December 6, 2018
How Cody my Diabetic Alert Dog taught me to speak
Type 1 diabetes factors heavily into my everyday thought process, but it’s rarely something I discuss with other people. Or at least it wasn’t, until Cody.
By Devin Grayson
Diabetes is a predominantly invisible disease. Over the years, I’ve occasionally drawn questioning stares while nonchalantly stabbing a needle through my shirt or, later, while whipping out my insulin pump to silence a CGM alarm. Most of the time, though, I tend to the constant worry and regulation alone. Type 1 diabetes (T1D) factors heavily into my everyday thought process, but it’s rarely something I discuss with other people.
Or at least it wasn’t, until Cody.
Cody was my Medical Service Hypoglycemic Alert Dog – better known as a Diabetic Alert Dog, or “D.A.D.” We were partnered in 2006 and he improved every day of my life for twelve years. Trained to use his remarkable canine sense of smell to detect and alert on shifts in my blood glucose, he consistently caught potentially life-threatening hypoglycemic events and rises in blood glucose ahead of both symptomatic onset and my CGM alarms.
Though I sometimes resented being asked by my medical team or family members to check my blood glucose numbers, it always felt thrilling when Cody urged me to do it.
There was something else he changed, though, something I didn’t notice right away. In addition to being brilliantly trained, Cody was a gorgeous purebred Golden Retriever with a silky coat and a dimpled smile. Annually certified for safe public accessing by the Concord, California (USA) nonprofit, Early Alert Canines (EAC), he accompanied me everywhere in his maroon service vest, exhibiting the perfect manners required of a service dog whether we were visiting the neighbourhood convenience store, sitting through a live performance, or dropping the kids off at school.
He never made a peep when we were inside public venues not normally accessible to dogs, obediently folding all eighty-two pounds of himself up under a table, desk or chair, but when we were on the move people stopped me to ask about him constantly. They wanted to pet him, or to tell me about a Golden they’d once had, or to ask what it was that he did. I’d been trained for these encounters; part of having a service dog is being an ambassador for them. I knew it benefitted EAC when I answered inquiries warmly and honestly and I figured that it benefited Cody, too; he loved the attention and the varied, brief exchanges kept his socialization skills sharp. What I didn’t realize until later was how greatly those exchanges were benefitting me, as well.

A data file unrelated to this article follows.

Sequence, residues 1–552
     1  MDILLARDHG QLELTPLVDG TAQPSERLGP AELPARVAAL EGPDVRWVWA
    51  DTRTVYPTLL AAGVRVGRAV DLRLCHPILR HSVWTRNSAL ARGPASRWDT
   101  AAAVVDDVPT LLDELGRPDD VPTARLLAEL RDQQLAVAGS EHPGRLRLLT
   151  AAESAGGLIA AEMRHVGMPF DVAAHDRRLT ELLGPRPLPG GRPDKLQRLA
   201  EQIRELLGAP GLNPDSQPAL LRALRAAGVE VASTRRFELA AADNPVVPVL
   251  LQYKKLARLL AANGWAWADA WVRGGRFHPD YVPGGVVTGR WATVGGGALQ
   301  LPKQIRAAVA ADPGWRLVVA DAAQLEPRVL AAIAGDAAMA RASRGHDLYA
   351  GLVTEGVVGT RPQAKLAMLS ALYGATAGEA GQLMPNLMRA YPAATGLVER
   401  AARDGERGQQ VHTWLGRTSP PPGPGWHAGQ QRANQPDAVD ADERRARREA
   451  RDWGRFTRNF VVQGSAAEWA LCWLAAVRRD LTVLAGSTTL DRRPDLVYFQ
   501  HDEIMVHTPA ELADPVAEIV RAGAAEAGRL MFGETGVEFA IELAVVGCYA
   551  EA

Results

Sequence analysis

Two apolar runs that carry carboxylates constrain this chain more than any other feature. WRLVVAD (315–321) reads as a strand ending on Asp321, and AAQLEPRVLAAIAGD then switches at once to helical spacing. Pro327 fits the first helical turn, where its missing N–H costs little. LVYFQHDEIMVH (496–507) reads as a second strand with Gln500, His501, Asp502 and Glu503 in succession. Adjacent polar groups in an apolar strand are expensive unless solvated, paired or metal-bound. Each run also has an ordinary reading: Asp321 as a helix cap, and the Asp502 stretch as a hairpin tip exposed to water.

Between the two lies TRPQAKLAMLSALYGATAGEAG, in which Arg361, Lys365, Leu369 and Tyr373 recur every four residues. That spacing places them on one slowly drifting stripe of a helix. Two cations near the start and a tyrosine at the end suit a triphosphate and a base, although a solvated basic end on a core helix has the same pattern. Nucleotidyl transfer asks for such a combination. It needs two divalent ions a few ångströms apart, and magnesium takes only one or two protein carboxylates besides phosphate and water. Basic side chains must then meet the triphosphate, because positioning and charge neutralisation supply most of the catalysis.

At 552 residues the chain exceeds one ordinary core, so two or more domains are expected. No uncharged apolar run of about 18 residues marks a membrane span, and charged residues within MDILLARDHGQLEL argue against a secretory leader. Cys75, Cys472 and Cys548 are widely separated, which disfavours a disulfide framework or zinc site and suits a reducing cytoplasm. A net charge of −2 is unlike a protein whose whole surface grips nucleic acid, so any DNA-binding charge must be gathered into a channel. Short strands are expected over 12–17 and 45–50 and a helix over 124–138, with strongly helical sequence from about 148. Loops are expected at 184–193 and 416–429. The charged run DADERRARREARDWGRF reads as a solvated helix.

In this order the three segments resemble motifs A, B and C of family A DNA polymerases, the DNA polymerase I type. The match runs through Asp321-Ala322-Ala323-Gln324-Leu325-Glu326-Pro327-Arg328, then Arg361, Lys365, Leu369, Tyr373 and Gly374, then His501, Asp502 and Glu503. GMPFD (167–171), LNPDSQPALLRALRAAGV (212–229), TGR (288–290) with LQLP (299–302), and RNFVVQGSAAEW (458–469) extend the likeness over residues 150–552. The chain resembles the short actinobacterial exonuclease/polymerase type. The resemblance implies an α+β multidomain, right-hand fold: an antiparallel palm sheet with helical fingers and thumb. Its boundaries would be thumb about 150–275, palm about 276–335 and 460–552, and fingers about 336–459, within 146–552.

We had to say goodbye to Cody this past summer – Goldens have a life expectancy of thirteen and old age caught up with him right on cue — but by then, he’d given me more gifts than I could count. One of them was altering the way I discussed diabetes with other people, or really the fact that I did so at all. Those random encounters with strangers profoundly changed my relationship to the disease. I couldn’t explain what Cody did without clarifying how he helped me, so suddenly I was talking about T1D several times a day. These were usually upbeat conversations about how miraculous dogs were and they inevitably ended with smiles and comments about how fortunate I was to have him. One little girl, breathlessly in love with him after knowing him for all of three minutes, even plaintively asked her mom if she could have diabetes, too. I wouldn’t wish T1D on my worst enemy, but I understood her sentiment. I was lucky to have Cody.
Luckier, even, than I realized at the time.
There’s no question that having Cody with me everywhere I went made me feel immeasurably less alone with my chronic illness.